Life is often compared to a race. (Sometimes to say that it’s not a race.) And some memes have it that life is a marathon and not a sprint.
Sorry, but that’s incorrect.
Life is not a sprint, true. It’s also not a marathon. Life is not the kind of race where everyone starts at the same starting line and finishes at the same finish line.
Life is a relay race – and it’s not held on a track, either. It’s cross-country through wilderness, and the route isn’t marked!
Your starting point is the position your parents achieved when they launched you out of childhood to run on your own. That starting point is the position they achieved after “running” from the position their parents were in when they hit adulthood.
So yes, there are quite a lot of people who are born to greater opportunity and privilege than others, through no effort of their own – instead, it was the effort of their parents, grandparents, great-grandparents, etc. that afforded them a better starting position.
Some families make it to nice terrain, smooth and fairly even, without too many obstacles. Others find themselves in deep canyons or on steep hillsides covered in obstructions. Those facing difficult terrain can look at those running in open fields and wonder why such “injustice” exists. However, the truth is, everyone who runs on a plain only got there because at some point in the past, their ancestors climbed out of difficulty themselves. No one is “magically” born on a plateau. And it’s certainly possible for a runner to make a wrong turn and fall off, just as it’s possible for those below to climb upwards.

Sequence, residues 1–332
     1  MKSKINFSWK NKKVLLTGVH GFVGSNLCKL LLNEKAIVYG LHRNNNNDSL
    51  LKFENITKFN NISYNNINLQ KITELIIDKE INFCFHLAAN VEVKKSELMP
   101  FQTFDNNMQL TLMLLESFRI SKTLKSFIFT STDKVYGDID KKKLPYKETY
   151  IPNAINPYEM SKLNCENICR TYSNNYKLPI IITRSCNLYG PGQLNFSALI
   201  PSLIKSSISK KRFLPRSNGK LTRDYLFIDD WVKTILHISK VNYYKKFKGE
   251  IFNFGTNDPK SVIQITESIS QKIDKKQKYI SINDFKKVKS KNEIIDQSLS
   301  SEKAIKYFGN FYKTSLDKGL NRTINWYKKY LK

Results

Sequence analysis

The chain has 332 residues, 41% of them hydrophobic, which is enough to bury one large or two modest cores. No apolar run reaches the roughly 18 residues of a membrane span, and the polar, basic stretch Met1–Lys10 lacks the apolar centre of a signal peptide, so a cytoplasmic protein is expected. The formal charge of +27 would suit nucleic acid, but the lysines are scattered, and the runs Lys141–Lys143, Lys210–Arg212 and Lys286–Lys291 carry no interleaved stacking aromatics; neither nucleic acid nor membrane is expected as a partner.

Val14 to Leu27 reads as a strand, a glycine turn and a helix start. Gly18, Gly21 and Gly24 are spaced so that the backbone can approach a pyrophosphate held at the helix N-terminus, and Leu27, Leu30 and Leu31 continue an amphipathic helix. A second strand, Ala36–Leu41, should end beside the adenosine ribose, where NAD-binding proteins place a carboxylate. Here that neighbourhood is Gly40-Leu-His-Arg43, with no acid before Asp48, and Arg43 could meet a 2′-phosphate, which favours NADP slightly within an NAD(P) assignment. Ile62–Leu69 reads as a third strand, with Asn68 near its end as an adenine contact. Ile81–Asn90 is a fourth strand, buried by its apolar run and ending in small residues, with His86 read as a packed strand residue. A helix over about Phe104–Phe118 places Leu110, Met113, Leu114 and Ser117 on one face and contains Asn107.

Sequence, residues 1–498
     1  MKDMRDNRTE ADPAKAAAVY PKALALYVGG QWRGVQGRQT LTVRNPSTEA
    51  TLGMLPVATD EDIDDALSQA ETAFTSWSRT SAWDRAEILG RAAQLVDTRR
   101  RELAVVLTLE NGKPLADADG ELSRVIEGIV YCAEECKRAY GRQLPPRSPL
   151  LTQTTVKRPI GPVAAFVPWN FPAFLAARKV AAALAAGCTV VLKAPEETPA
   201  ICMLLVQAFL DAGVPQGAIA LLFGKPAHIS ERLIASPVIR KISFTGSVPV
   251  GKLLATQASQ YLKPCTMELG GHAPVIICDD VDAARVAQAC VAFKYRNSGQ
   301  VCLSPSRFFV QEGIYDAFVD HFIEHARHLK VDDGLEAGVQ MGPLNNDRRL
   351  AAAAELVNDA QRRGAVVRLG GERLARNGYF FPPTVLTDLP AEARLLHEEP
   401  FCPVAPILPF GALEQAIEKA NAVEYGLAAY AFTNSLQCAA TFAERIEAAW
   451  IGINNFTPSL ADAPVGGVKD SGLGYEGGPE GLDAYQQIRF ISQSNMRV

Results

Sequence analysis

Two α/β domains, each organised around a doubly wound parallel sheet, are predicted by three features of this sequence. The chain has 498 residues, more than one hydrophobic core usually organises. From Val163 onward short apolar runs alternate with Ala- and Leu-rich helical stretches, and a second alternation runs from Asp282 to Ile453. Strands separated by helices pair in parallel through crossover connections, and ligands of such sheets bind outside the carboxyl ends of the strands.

The relay race of life stretches back into the distant past beyond living memory, beyond even archaeology. At the beginning of humanity, no one was born with the advantages even the “disadvantaged” moderns possess. And it will stretch far into the future, as well, for every person who has descendants.
That’s the shape of reality, a consequence of the nature of human lives. We’re not spawned as eggs in streams like salmon, to all hatch in the same place with the same advantages and disadvantages as one another and facing the same journey ahead of us.
Given this reality, it would behoove society to arrange itself so that the routes up to the meadowland are clearly marked and kept as well-maintained as possible – rather than trying to hobble the runners who are already there to make the race “fairer.” Throwing boulders and digging pits in the smoother parts is never going to help the runners stuck in a valley full of ankle-turning rocks.